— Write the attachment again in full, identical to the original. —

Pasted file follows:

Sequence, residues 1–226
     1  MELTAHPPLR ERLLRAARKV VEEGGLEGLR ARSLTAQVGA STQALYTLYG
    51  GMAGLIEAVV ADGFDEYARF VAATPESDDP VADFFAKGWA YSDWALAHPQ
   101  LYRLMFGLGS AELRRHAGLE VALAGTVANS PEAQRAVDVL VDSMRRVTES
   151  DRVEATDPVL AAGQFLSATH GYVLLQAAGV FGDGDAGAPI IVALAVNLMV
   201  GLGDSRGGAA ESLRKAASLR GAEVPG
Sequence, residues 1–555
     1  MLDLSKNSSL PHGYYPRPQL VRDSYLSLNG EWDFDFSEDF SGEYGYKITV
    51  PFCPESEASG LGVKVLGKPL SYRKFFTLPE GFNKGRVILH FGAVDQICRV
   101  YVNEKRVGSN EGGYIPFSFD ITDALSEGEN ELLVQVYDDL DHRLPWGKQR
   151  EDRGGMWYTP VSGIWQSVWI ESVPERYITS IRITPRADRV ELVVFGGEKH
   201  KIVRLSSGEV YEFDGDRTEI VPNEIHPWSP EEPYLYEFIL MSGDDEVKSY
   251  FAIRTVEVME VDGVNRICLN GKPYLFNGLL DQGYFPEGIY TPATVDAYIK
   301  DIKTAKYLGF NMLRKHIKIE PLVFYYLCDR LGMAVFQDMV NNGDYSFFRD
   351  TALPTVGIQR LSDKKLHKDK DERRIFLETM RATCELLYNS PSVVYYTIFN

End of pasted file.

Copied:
Sequence, residues 1–226
     1  MELTAHPPLR ERLLRAARKV VEEGGLEGLR ARSLTAQVGA STQALYTLYG
    51  GMAGLIEAVV ADGFDEYARF VAATPESDDP VADFFAKGWA YSDWALAHPQ
   101  LYRLMFGLGS AELRRHAGLE VALAGTVANS PEAQRAVDVL VDSMRRVTES
   151  DRVEATDPVL AAGQFLSATH GYVLLQAAGV FGDGDAGAPI IVALAVNLMV
   201  GLGDSRGGAA ESLRKAASLR GAEVPG
Sequence, residues 1–555
     1  MLDLSKNSSL PHGYYPRPQL VRDSYLSLNG EWDFDFSEDF SGEYGYKITV
    51  PFCPESEASG LGVKVLGKPL SYRKFFTLPE GFNKGRVILH FGAVDQICRV
   101  YVNEKRVGSN EGGYIPFSFD ITDALSEGEN ELLVQVYDDL DHRLPWGKQR
   151  EDRGGMWYTP VSGIWQSVWI ESVPERYITS IRITPRADRV ELVVFGGEKH
   201  KIVRLSSGEV YEFDGDRTEI VPNEIHPWSP EEPYLYEFIL MSGDDEVKSY
   251  FAIRTVEVME VDGVNRICLN GKPYLFNGLL DQGYFPEGIY TPATVDAYIK
   301  DIKTAKYLGF NMLRKHIKIE PLVFYYLCDR LGMAVFQDMV NNGDYSFFRD
   351  TALPTVGIQR LSDKKLHKDK DERRIFLETM RATCELLYNS PSVVYYTIFN